1. Anonymous Coward
        Anonymous Coward

        Re: Is it just me...

        Except it doesn't work like that in practice.

        There's a lot of political pressure to bring prosecutions of certain types of crime just to show how "tough on crime" they are.

        And so prosecutions will be brought where the evidence is slim just so they can put a tick in the right box.

  4. localzuk

    Thinking the powers that be have missed the point

    They are there to serve the population. If that data can lead to people being proved innocent, then they absolutely should do it!

    They don't like judicial oversight? Tough. Our system was supposed to separate different actions into different branches of government. Executive run agencies. Parliament create laws. Judiciary ensure executive follow those laws. They provide the checks and balances that should always be in place, to ensure no single part of government is being undemocratic or breaking the rules.

    1. Tempest 3K
      Big Brother

      Re: Thinking the powers that be have missed the point

      'They are there to serve the population'

      It's been a long time since the powers that be have believed that - they are only interested in what they can gain, hence the moves to remove checks and balances :(

    2. Robert Helpmann??
      Childcatcher

      Re: Thinking the powers that be have missed the point

      I am asking this as an outsider to the UK's legal system. If the defense is aware that there was surveillance of the accused, would it be possible to subpoena that even if the prosecution does not submit it as evidence on their own? Also, doesn't the prosecution have an obligation to make exculpatory evidence available to the defense? There have been a number of cases here in the US that have recently gotten the accused released or retried because the prosecutors suppressed exculpatory evidence (e.g. the case of Thomas Barton).

    3. Intractable Potsherd Silver badge

      Re: Thinking the powers that be have missed the point

      The police still think that they are part of the prosecution process (from the days before the CPS when criminal prosecutions were brought by the police). Now the CPS exists, the police should be merely investigatory, working for neither side. Getting rid of targets based on crimes solved should be high on any government's list, and then realigning the police as an arm of the courts, with dispassionate investigation at their core.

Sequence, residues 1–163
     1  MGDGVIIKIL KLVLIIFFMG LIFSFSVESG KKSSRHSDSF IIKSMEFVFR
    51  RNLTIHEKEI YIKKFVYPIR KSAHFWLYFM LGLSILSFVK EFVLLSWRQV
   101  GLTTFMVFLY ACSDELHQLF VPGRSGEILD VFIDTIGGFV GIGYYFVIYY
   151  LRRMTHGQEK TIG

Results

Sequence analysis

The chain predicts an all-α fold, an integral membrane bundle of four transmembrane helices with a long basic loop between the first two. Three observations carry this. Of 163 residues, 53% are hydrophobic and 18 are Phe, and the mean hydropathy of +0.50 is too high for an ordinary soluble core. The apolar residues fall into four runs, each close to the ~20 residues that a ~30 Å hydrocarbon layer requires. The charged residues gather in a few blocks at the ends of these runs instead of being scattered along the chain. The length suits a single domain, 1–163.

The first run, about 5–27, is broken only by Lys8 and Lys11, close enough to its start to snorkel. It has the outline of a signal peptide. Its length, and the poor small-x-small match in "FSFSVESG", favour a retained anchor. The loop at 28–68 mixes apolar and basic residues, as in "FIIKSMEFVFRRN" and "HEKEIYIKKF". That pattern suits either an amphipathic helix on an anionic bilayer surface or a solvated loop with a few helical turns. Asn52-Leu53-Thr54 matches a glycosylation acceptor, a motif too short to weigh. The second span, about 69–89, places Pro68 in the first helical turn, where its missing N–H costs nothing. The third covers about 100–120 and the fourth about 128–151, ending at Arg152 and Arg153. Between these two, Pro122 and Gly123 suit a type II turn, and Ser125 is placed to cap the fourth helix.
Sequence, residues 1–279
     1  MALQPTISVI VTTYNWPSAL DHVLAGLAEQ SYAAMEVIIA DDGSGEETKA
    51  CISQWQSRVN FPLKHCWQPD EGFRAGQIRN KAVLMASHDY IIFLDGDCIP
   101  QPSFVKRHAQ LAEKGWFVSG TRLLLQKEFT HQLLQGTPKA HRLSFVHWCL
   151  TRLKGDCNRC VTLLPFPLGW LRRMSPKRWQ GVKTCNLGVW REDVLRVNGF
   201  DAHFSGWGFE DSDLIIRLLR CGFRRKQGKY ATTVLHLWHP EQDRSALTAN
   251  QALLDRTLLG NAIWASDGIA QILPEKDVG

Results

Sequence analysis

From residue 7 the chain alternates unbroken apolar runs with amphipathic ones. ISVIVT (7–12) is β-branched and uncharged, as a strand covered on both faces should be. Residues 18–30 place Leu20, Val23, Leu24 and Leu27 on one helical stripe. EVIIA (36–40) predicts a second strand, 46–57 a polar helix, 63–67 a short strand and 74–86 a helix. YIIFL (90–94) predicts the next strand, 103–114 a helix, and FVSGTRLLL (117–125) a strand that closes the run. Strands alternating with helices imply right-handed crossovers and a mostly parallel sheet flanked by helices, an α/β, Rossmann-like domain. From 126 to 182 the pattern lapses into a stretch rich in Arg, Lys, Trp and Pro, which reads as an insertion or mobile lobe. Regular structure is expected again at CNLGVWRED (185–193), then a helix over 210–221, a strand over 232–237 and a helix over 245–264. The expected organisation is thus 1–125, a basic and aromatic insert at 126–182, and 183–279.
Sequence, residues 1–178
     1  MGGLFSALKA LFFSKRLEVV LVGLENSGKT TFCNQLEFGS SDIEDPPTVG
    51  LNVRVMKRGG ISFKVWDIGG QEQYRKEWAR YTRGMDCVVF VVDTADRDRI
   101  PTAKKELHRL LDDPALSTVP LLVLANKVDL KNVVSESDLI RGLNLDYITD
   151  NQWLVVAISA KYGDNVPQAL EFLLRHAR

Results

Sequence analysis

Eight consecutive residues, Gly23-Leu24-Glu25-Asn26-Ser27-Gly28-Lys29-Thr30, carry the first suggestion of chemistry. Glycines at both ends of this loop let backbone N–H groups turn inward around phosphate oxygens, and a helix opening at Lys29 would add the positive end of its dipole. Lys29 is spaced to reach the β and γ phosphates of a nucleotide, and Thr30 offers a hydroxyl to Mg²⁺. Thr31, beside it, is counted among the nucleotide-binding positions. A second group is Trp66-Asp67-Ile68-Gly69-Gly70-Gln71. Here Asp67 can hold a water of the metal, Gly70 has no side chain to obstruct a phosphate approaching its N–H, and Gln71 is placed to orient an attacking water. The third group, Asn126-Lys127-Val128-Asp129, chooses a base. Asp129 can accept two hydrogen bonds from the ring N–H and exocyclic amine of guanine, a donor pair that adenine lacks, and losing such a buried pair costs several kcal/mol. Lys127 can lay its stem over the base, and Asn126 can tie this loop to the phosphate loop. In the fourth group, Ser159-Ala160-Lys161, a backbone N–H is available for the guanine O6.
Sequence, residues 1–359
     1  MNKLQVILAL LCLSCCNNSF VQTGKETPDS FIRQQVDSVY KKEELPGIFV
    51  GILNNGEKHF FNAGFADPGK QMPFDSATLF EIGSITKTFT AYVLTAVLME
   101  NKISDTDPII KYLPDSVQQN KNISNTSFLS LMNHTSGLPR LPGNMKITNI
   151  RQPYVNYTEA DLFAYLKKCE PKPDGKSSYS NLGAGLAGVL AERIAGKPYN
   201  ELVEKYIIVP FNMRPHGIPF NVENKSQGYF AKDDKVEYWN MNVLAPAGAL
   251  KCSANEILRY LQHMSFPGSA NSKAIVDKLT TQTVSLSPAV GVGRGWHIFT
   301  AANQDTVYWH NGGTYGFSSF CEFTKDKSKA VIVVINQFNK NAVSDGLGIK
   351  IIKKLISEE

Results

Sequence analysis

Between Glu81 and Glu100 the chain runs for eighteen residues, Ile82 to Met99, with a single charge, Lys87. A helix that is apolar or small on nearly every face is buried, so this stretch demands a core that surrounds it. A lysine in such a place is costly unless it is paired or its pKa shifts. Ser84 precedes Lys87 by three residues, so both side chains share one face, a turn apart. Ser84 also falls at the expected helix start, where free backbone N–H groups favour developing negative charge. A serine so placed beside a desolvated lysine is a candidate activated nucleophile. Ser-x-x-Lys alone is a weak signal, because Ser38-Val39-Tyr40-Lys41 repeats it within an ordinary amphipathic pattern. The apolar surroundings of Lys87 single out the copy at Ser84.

5. Blank-Reg
    Black Helicopters

    "He also noted that law enforcement agencies showed “markedly less enthusiasm for the recently-introduced requirement of authorisation by magistrate for communications data requests.”

    Funny, that."

    Indeed. Funny how these parasites hate it when they have to follow these little concepts such as the rule of law.

  6. corestore

    Here's a bloody good question...

    ...that almost nobody is asking.

    "Stingray IMSI catchers..."

    Google, Apple, et. al. responded to the Snowden revelations by taking precautions to help their customers stay secure from snooping - crypto on the backbone, crypto on by default, etc etc.

    What measures are mobile telcos taking to protect *their* customers from the revelations of Stingray and similar devices? Have they designed and/or implemented protocols to ensure their devices only connect to genuine cell towers? If not, why not, and what do they intend to do?

    No-one seems to be asking this obvious question; I think El Reg should, and be persistent about it...

    1. Emperor Zarg

      Re: Here's a bloody good question...

      If the mobile Telcos are anything like BT they will be actively involved in with Government information gathering schemes.

  7. Anonymous Coward
    Anonymous Coward

    There are at least two sane people in the House of Commons, David Davis and Tom Watson.

    http://www.bbc.co.uk/news/uk-politics-33000160

    I wonder just how long they will be around before they meet with an unfortunate car accident or some sort of scandal ?

    1. Anonymous Coward
      Anonymous Coward

      I don't think you can quite class Tom Watson as having principles, if that's what meant. Opportunistic, Brown-era boot boy more like...

    2. David Pollard